One of the benefits of the rare disease patient community engaging with the biopharmaceutical industry is for the patient community to gain a greater understanding of what is actually involved in the drug development process. As with many conditions, being diagnosed with a rare disease is overwhelming, scary and immediately life-altering. It is likely that the patient or their family has never heard of the diagnosis and through their own research are struggling to find accurate and up-to-date information on their condition which may be more prevalent for a common condition. A whole new vocabulary becomes part of the family’s daily language and an education on clinical trials and the drug development process is essential because there will likely not be an available treatment; in these situations, clinical trials may be their only option. It is hugely beneficial for a patient community affected by a rare disease to fully engage in the drug development process to understand what it really takes to bring a therapy to market, so that they can appreciate all the dynamics and intricacies that they might otherwise not be privy to.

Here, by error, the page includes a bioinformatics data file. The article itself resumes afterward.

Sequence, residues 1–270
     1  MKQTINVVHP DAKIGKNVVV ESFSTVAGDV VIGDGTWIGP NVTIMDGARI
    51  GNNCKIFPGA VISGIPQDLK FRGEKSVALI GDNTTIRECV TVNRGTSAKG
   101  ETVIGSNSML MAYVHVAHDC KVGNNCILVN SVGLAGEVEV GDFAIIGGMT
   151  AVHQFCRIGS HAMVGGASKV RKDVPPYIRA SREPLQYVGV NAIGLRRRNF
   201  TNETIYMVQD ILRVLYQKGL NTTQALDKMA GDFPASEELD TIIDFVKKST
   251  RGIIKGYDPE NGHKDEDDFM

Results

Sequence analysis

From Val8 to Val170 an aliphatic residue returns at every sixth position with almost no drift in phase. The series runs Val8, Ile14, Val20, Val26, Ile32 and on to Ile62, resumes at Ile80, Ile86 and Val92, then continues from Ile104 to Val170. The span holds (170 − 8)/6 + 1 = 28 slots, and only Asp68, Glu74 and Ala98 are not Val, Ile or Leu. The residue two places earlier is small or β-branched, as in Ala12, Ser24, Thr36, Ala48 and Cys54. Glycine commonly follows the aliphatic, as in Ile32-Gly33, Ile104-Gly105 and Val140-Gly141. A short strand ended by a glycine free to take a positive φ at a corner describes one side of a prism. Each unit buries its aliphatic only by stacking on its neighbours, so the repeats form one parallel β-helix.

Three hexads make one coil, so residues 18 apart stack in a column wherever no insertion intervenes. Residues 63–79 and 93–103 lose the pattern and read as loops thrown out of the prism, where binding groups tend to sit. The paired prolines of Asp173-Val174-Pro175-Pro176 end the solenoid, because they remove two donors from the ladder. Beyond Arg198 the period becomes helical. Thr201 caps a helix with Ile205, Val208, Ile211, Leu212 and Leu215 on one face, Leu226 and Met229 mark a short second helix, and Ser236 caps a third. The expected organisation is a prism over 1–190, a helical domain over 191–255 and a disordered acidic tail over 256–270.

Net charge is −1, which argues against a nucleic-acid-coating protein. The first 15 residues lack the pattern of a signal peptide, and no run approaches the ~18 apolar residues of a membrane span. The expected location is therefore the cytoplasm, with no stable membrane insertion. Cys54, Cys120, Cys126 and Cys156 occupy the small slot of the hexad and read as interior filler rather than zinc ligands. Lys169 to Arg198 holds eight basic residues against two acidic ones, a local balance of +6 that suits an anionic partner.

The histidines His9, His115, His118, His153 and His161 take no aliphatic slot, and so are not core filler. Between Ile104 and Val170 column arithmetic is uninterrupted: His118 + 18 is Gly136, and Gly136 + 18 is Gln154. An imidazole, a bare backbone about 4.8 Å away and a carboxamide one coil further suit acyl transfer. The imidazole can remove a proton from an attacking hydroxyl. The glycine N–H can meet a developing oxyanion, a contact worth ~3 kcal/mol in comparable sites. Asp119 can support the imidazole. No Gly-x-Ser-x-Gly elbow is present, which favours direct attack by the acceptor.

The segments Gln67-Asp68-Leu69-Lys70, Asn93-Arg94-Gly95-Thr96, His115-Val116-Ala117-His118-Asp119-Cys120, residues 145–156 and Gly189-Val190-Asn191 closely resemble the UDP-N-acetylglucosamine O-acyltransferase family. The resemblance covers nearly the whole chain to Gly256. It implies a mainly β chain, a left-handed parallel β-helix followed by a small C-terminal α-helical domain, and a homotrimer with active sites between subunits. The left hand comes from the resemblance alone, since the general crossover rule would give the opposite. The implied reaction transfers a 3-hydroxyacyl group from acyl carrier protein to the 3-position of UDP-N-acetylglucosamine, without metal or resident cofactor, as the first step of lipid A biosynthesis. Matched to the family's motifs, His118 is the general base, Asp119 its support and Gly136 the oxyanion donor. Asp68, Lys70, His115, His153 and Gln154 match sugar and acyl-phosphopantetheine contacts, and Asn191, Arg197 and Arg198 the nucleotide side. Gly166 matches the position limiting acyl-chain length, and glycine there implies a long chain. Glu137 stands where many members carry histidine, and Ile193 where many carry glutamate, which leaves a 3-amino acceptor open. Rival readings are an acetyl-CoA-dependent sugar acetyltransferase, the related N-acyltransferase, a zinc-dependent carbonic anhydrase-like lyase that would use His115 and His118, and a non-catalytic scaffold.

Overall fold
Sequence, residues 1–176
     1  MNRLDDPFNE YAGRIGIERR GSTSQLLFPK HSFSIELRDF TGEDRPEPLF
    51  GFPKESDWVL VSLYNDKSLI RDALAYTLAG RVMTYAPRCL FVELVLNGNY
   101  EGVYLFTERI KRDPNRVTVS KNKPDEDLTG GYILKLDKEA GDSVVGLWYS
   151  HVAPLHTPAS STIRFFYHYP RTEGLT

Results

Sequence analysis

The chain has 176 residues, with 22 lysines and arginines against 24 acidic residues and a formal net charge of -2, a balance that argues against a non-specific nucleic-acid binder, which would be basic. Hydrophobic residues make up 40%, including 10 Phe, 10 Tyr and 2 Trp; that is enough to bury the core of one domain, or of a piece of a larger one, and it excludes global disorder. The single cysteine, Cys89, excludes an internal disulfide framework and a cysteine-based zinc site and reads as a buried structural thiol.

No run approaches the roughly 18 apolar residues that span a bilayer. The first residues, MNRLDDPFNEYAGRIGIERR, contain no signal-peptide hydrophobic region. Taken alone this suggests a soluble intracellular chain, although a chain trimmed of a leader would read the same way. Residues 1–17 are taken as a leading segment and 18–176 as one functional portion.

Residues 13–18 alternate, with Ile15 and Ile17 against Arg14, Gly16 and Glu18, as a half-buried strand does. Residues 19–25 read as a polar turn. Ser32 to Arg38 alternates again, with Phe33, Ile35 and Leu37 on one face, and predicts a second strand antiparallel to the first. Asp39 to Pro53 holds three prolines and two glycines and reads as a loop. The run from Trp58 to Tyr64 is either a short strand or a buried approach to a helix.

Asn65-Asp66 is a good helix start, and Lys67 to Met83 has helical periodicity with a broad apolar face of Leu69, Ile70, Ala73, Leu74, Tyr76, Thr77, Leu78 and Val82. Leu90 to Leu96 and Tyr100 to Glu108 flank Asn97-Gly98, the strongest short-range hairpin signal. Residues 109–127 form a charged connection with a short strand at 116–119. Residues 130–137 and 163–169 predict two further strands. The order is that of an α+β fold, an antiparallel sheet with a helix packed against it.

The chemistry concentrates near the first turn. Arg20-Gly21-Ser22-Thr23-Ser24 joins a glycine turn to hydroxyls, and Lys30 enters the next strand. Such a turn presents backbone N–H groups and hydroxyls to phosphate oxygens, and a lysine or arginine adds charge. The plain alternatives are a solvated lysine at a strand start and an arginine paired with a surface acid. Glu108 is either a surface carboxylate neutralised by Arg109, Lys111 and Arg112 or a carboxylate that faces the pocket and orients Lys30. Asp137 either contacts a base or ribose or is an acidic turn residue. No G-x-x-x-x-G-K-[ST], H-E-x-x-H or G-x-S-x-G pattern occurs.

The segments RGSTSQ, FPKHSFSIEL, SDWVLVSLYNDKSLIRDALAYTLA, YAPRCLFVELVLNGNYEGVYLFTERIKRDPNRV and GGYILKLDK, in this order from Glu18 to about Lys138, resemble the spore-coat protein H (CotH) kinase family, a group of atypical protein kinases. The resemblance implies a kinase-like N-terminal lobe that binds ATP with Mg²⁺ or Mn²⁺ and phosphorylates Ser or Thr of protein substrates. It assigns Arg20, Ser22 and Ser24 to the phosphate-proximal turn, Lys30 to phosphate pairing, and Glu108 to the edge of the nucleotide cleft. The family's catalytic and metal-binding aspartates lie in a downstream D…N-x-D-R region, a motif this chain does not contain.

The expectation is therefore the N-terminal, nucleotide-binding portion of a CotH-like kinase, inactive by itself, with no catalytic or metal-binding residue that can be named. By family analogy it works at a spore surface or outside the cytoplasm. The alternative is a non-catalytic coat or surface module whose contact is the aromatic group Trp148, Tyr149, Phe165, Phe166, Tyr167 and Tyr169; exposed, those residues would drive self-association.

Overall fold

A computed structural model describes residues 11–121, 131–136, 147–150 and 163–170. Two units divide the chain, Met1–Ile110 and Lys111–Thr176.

“One of the benefits of the rare disease patient community engaging with the biopharmaceutical industry is for the patient community to gain a greater understanding of what is actually involved in the drug development process.”
A recent FDA approval for a first-in-class gene therapy heavily benefited from the voice of the patient throughout the entire drug development process. Patient insights were leveraged to influence trial design during the protocol development stage and later shared directly with the FDA as personal stories. In this particular engagement, the high level of interaction throughout the drug development process facilitated patients and caregivers being influential stakeholders and ultimately part of the success. In turn, by engaging patient advocacy groups and listening to feedback and insights from the patient community, the study sponsor was able to establish and build trust at the outset of their program. When a company is able to invest in the patient community at the very beginning of the drug development process, the patient community will in turn invest back by giving their time and potentially can increase the likelihood of clinical research success.